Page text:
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The Student News Site of Texas A&M University - College Station

The Battalion

The Student News Site of Texas A&M University - College Station

The Battalion

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The BattalionMay 4, 2024

Don’t let political correctness ruin holidays

With the end of this semester in sight, many students and faculty will engage in traditional activities that mark this special time. Often, these observances are unmistakably religious in nature. To those who partake and those who prefer not to, here is some friendly advice: Don’t let political correctness ruin your vacation.
The period between Halloween and New Year’s Day presents a relative cornucopia of opportunities for politically correct activism. Often referred to as the holiday season, the months of November and December are routinely stripped of the very meanings that are responsible for their recognition.
Recent media reports have supplied ample evidence that there is only a minority that is trying to impose its beliefs on the majority in this country by bleaching the culture of all religious references. Citizens should not let hypersensitivity reduce the season to mere consumerism.
In Denver’s Parade of Lights this year, one was more likely to see homosexual Indians, German folk dancers and Chinese lion dancers than references to the reason for celebrating Christmas. In fact, the organizers banned floats that were “overtly religious,” according to the Denver Post.
At one point, opponents to public religious displays in December were content to sue city councils and complain to media outlets about the mythical separation of church and state that appears nowhere in the Constitution. Recently, attempts to secularize and sanitize the public forum have set new targets.
School districts in New Jersey and Florida have forbidden student choral groups from singing traditional Christmas carols this time of year. Attempts at sensitivity have lost all association with reason – some schools have banned even instrumental renditions of Christmas favorites.
Musical masterpieces like Handel’s “Messiah” are basely exchanged for “Frosty the Snowman,” notes agnostic columnist Danny Westneat.
The Seattle Times report of a school’s decision to cancel a performance of Charles Dickens’ “A Christmas Carol” on the basis that it was too religious, is enough to make Ebenezer Scrooge look like a saint.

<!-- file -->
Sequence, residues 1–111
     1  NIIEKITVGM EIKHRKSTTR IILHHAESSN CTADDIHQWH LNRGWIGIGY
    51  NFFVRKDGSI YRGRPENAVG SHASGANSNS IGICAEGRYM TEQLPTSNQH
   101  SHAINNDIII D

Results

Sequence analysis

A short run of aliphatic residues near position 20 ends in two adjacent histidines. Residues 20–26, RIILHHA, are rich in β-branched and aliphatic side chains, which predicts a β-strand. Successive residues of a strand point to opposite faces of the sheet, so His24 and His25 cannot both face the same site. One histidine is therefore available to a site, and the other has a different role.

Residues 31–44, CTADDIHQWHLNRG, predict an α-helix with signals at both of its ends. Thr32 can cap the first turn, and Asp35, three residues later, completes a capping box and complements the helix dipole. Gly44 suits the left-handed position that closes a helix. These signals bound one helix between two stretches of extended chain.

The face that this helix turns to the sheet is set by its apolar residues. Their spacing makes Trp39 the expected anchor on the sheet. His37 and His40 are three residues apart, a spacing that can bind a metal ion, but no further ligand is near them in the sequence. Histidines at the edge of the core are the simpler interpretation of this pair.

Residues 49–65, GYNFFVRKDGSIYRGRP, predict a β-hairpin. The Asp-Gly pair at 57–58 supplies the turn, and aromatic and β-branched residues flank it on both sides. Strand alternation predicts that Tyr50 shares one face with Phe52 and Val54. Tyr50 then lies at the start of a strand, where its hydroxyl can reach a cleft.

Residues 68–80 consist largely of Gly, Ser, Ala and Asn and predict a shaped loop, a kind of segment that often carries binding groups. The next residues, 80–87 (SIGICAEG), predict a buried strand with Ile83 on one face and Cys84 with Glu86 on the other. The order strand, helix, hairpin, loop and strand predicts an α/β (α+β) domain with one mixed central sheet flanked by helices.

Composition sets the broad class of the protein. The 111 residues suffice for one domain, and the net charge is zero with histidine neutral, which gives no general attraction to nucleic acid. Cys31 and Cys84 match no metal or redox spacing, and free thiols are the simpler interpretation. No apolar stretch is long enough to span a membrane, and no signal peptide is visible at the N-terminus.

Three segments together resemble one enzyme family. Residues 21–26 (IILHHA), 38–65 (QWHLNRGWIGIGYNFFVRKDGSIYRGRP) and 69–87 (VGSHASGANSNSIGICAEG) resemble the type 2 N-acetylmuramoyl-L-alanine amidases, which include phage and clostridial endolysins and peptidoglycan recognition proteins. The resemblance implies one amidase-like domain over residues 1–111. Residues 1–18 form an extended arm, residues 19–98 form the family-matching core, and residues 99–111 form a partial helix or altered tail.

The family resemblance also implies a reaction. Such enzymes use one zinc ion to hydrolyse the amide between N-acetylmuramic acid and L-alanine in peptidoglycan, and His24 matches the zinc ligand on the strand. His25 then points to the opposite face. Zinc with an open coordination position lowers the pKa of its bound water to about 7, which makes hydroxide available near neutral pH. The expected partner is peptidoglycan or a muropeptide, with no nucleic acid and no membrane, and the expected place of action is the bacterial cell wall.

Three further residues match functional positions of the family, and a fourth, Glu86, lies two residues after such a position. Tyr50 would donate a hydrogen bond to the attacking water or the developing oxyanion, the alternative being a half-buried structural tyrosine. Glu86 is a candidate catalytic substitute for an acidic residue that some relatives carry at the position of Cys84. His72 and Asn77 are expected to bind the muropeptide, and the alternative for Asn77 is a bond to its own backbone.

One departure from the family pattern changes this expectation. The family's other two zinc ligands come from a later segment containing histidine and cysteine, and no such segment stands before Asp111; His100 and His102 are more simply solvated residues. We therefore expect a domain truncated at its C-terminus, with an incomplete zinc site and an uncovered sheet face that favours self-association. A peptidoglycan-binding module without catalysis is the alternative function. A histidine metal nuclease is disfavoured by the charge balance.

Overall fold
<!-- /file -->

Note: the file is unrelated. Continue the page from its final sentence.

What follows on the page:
Even schools that try to please everyone can’t get it right. According to The Washington Times, a Chicago-area school had an “all-inclusive” musical program that featured “Jewish and Jamaican songs, but no Christmas carols.”
Even the term “Christmas” is being relegated. That’s right; it is now offensive to say, “Merry Christmas.” Christmas trees have become community trees; Christmas parties are renamed holiday parties.
The fact that Christmas in this country has always been a celebration of the birth of Jesus Christ seems to escape those who would supplant its meaning with empty cliches.
December is not alone when it comes to attempts at eradicating the religious tones of national holidays. Just last month, revisionist textbooks and ill-informed individuals set their sights on Thanksgiving.
The last Thursday in November is not “Turkey Day,” it is Thanksgiving Day. While they were undoubtedly grateful to friendly Indians, the Pilgrims did not institute the holiday as a way to acknowledge them. It was designed as a special occasion to “render thanksgiving to the Almighty God for all His blessings,” according to the official proclamation of Governor William Bradford in 1623.
It is the origin of Thanksgiving that makes the actions of the Lincoln-Franklin Elementary School in Garwood, N.J. so absurd. An overcautious busybody removed the word “God” from a fifth-graders’ poem before it was displayed at the school so as not to offend anyone. After receiving a complaint, the school had to check with its lawyers before the poem was restored to its intended form.
In response to Christian symbols in December, Bruce DeBoskey, a regional director of the Anti-Defamation League, told the Denver Post, “We believe these religious observances are wonderful and belong in the home, in a house of worship and in the heart, not in the public square.” By this logic, free speech is permissible, but only in private. DeBoskey implies that public expressions, though the true benefactor of First Amendment protection, are to be restricted in the name of sensitivity.
Everyone is entitled to celebrate their holidays as they see fit. The entire religious spectrum in America – including Christians – should be free to exercise according to the dictates of their conscience.

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